On March 26-28, Boston University will host the Sixth Annual Consortium of Universities for Global Health (CUGH) Conference.
The theme of this year’s conference is “Mobilizing Research for Global Health, and featured speakers include Olusoji Adeyi, Director, Health, Nutrition and Population, World Bank; Paul Farmer, Co-Founder, Partners in Health; and Stephen Morrison, Vice President, Center for Strategic and International Studies.
Staff members from the International Training and Education Center for Health (I-TECH) will attend to present research on several topics:
- Quality improvement practices decrease adverse event rates in a surgical male circumcision program in Malawi
Kohler PK, Chilongozi DA, Namate D, Barr BA, Msungama W, Phiri O, Tenthani L, Chalulu K, Perdue T, Barnhart S, Krieger JN
- Improving nursing and midwifery clinical education by developing local faculty mentoring capacity in Malawi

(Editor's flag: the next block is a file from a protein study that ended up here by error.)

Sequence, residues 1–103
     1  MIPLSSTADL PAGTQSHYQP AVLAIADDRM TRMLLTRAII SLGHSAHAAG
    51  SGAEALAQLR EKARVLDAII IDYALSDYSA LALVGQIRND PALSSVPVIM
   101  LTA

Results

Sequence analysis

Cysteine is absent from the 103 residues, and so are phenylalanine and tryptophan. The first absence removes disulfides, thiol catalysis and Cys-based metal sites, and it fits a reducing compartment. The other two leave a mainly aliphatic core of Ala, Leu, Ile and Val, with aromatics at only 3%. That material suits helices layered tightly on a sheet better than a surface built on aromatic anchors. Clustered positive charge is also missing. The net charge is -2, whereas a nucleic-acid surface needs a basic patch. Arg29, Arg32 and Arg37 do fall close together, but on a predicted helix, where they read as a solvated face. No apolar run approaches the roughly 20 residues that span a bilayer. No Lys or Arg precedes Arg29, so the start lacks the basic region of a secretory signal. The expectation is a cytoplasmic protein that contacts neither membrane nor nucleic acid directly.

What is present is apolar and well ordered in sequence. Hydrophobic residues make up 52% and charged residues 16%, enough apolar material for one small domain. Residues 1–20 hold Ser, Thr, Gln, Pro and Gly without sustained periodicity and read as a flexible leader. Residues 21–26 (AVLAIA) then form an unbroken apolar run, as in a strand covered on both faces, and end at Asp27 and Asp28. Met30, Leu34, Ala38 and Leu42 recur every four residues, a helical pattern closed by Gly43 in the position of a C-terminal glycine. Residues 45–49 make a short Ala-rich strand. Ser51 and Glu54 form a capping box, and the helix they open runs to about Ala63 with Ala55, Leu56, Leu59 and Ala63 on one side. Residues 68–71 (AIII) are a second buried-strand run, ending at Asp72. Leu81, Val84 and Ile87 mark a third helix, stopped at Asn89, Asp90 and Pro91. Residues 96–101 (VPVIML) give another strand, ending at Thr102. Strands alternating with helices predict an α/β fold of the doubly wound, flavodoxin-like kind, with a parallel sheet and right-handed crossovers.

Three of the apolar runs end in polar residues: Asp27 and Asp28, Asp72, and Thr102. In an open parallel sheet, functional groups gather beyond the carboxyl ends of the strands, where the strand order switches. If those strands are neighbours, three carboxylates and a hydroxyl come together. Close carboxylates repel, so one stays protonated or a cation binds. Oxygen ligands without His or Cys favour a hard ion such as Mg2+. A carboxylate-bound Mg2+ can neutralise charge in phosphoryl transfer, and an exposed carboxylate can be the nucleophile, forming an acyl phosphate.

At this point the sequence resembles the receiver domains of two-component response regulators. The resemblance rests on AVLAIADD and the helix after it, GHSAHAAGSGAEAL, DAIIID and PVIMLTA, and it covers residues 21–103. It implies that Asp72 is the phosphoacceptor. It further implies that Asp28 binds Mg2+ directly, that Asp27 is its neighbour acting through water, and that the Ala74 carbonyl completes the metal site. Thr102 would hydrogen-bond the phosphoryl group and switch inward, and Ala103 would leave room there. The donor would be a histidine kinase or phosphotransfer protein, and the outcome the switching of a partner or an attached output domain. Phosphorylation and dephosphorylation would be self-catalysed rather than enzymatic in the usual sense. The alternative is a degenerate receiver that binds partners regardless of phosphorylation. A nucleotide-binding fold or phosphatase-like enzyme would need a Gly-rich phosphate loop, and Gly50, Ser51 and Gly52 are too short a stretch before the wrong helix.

Holman J, Muyaso M, Msiska G, Namate D, Wasili R
- An assessment of data quality in Haiti’s multi-site electronic medical record system
Puttkammer N, Baseman JG, Devine EB, Hyppolite N, France G, Honoré JG, Matheson AI, Zeliadt S, Yuhas K, Sherr K, Cadet JR, G. Zamor, Barnhart S
- Evolution of the KenyaEMR training program: Towards efficiency and quality in scale-up
Atelu C, Antilla J, Muthee V, Puttkammer N
Founded by leading North American university global health programs, CUGH aims to:
- Define the field and discipline of global health;
- Standardize required curricula and competencies for global health;
- Define criteria and conditions for student and faculty field placements in host institutions;
- Provide coordination of projects and initiatives among and between resource-rich universities and less-developed nations and their institutions.
CUGH is dedicated to creating balance in resources and in the exchange of students and faculty between institutions in rich and poor countries, recognizing the importance of equal partnership between the academic institutions in developing nations and their resource-rich counterparts in the planning, implementation, management and impact evaluation of joint projects.